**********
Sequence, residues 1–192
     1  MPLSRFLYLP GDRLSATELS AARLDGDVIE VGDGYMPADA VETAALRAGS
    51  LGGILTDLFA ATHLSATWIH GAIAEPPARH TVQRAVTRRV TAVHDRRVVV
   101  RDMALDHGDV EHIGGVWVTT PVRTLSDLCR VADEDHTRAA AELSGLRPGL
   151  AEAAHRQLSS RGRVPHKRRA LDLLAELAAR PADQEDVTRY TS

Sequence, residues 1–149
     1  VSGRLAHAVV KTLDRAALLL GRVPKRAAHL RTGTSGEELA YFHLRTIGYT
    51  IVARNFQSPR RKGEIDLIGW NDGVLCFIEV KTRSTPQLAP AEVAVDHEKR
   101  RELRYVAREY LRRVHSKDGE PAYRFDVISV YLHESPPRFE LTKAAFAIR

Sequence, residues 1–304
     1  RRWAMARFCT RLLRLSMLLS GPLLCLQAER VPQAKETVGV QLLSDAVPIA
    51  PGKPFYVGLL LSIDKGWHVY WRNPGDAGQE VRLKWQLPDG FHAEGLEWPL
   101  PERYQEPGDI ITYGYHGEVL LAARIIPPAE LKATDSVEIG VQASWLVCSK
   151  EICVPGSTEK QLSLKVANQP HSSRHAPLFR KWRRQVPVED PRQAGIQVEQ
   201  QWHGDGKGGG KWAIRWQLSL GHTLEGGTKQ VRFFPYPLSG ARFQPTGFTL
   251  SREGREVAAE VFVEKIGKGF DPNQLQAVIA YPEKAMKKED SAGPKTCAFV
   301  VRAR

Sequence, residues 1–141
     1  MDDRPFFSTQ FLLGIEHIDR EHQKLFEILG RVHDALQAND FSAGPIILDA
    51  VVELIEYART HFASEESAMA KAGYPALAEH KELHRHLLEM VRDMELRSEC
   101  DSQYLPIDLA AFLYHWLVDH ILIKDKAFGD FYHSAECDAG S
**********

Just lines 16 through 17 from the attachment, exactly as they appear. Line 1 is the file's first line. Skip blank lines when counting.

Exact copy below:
   251  SREGREVAAE VFVEKIGKGF DPNQLQAVIA YPEKAMKKED SAGPKTCAFV
   301  VRAR